I attended an NARUG Lunch-n-Learn educational event presented by ROI's Mariano Botto, Principal of MMB Rapid Consulting. Mario's topic was Tips and Tricks for Configuration Audits, which focused on significant issues that he found during audits of healthcare organizations' Revenue Cycle operations.
Many of the examples he provided illustrated how organizations were losing a significant amount of revenue, due to errors in processing billings and claims. It was evident to me that the root cause of many of these issues was due to inadequate User Acceptance Testing (UAT).
Healthcare organizations and their patients pay a heavy price when problems are found in production, rather than in the initial stages of the software development lifecycle.
The cost of providing healthcare services often increases due to lost revenue and increased operational costs.
Healthcare executives, application software development companies, and IT implementation/consulting firms that invest in a User Acceptance Test program, are rewarded with increased revenue, cost savings, and a host of other direct and indirect benefits that a quality UAT program delivers.
User Acceptance Testing (UAT) is an ongoing program performed by internal and external stakeholders to validate and certify that a system or software application product is fit for use in a production environment.
UAT is performed in the final phase of testing after functional, integration, and system testing has been completed.
UAT engages the customer's key business stakeholders: executives, directors, managers and operational team members, partners, vendors, and other key members who understand every aspect of the business application.
Thomas Hamilton's article What is User Acceptance Testing (UAT)? provides a good overview of the UAT process. In short, UAT is performed to ensure that a software deliverable functions according to accepted and documented development standards and business specifications.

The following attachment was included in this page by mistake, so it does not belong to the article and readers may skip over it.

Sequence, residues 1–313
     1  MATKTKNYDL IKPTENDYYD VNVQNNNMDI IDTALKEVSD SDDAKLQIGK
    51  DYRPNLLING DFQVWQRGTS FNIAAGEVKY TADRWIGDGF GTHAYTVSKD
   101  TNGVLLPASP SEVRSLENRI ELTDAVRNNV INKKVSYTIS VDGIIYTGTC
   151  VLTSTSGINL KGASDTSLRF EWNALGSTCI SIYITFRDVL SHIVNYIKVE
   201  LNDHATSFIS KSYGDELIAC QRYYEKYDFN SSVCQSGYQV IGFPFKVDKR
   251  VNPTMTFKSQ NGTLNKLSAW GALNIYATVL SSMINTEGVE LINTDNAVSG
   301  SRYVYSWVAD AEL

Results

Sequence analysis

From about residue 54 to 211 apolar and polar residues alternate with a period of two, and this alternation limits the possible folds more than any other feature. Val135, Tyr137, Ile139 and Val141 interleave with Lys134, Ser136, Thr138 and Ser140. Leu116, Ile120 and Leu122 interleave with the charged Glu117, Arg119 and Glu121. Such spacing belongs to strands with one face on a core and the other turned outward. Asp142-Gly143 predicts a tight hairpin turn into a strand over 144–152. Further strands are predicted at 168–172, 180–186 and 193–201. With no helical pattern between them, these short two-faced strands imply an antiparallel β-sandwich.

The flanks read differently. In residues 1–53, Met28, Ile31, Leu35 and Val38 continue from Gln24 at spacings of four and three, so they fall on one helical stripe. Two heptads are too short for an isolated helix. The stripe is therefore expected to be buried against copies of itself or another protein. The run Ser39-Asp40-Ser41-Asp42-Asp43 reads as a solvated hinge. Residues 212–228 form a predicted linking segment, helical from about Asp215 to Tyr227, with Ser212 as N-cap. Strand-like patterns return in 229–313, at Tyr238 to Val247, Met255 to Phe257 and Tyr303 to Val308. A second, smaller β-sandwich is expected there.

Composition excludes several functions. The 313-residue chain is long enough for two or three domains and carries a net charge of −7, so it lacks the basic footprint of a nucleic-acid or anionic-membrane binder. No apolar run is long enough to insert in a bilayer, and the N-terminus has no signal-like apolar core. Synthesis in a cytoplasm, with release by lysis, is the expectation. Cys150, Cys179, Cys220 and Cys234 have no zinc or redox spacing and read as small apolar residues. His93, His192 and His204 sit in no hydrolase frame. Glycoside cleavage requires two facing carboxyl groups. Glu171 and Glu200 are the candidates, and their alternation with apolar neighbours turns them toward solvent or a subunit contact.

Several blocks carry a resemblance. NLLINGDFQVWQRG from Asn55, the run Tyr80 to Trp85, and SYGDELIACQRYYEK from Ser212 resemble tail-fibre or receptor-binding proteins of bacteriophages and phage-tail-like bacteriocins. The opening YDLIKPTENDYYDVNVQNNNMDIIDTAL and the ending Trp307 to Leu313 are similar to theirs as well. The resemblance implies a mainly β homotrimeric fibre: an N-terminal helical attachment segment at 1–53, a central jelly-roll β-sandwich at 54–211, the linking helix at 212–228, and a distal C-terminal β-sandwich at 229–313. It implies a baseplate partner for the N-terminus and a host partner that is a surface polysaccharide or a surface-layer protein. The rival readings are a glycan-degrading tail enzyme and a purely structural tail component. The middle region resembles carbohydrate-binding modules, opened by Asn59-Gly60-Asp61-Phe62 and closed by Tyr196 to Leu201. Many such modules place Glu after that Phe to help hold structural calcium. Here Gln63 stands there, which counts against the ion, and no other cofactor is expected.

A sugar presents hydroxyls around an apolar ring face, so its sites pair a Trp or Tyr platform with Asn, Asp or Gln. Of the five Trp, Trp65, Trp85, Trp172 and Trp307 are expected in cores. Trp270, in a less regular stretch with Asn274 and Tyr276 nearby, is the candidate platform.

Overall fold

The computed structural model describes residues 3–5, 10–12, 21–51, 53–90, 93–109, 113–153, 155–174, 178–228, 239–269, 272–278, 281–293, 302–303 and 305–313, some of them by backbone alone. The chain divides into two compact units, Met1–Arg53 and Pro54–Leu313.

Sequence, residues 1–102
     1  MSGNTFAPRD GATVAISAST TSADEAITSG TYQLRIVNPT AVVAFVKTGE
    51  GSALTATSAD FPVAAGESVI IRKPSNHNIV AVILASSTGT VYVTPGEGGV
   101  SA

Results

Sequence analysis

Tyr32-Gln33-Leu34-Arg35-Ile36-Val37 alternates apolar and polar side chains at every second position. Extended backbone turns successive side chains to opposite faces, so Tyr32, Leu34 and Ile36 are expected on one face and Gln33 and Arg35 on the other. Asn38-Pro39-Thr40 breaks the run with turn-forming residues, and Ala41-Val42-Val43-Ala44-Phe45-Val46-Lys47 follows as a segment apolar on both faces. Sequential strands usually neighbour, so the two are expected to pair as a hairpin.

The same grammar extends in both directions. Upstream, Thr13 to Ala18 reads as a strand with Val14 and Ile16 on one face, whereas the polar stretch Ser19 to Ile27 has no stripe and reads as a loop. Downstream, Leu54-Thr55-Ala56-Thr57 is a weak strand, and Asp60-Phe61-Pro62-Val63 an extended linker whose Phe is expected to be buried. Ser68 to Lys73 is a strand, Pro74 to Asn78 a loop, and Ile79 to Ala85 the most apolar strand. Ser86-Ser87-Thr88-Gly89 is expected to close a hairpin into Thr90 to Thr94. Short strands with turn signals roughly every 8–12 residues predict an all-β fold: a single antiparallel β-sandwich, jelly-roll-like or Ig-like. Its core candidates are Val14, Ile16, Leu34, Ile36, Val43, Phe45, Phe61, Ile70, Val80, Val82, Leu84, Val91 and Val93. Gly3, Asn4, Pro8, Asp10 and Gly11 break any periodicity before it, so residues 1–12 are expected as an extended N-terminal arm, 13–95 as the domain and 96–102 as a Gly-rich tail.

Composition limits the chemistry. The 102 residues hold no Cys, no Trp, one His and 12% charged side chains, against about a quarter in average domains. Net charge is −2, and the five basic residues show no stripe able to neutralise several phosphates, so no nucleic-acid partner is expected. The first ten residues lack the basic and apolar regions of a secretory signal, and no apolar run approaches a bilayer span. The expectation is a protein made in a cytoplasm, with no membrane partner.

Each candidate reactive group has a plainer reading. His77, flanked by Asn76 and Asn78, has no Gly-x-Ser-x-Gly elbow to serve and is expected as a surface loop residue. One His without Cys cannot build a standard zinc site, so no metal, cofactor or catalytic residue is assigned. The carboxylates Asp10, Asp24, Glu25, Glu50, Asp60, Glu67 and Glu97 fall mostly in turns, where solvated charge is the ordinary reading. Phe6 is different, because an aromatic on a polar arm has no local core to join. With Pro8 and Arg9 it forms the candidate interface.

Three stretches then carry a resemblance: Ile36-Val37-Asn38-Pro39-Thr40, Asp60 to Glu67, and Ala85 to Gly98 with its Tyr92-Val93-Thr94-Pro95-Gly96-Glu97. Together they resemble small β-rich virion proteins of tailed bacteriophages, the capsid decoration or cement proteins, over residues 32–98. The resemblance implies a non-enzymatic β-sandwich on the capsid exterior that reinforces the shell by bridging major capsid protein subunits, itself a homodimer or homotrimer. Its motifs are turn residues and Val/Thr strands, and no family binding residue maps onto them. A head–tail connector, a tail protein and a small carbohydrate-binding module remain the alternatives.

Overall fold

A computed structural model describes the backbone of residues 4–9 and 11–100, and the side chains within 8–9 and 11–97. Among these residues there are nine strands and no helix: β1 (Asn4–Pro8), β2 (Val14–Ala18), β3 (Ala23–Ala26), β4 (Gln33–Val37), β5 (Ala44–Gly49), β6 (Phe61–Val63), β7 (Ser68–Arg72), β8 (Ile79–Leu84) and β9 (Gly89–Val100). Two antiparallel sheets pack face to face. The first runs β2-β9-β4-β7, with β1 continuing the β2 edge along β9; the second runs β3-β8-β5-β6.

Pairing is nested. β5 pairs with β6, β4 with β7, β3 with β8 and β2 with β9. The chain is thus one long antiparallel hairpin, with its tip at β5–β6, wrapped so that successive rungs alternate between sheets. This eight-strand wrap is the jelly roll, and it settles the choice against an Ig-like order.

From a software development testing perspective, I'm interested in monitoring application build tests, interface testing, application integration tests, and quality control test results.
Collaboratively Managed Business Requirements Process
Sets of functional requirements that are developed and maintained by collaborating teams consisting of IT vendors, business Subject Matter Experts (SME's) and third-party business and technology implementation consultants, are often a hallmark of a successful software development project.
Consider a three-legged stool; all three legs must work in concert to support the weight of a person who sits on the stool.
A team consisting of SMEs from the IT application vendor, customer, and IT implementation project consultants, working collaboratively, can support the needs of stakeholders and end-users.
Key to the management of business requirements are Business Systems Analysts (BSAs) and Business Analysts (BAs). BA & BSAs are laser-focused on business policies, best practices, procedures, workflows, and stakeholder needs and requirements.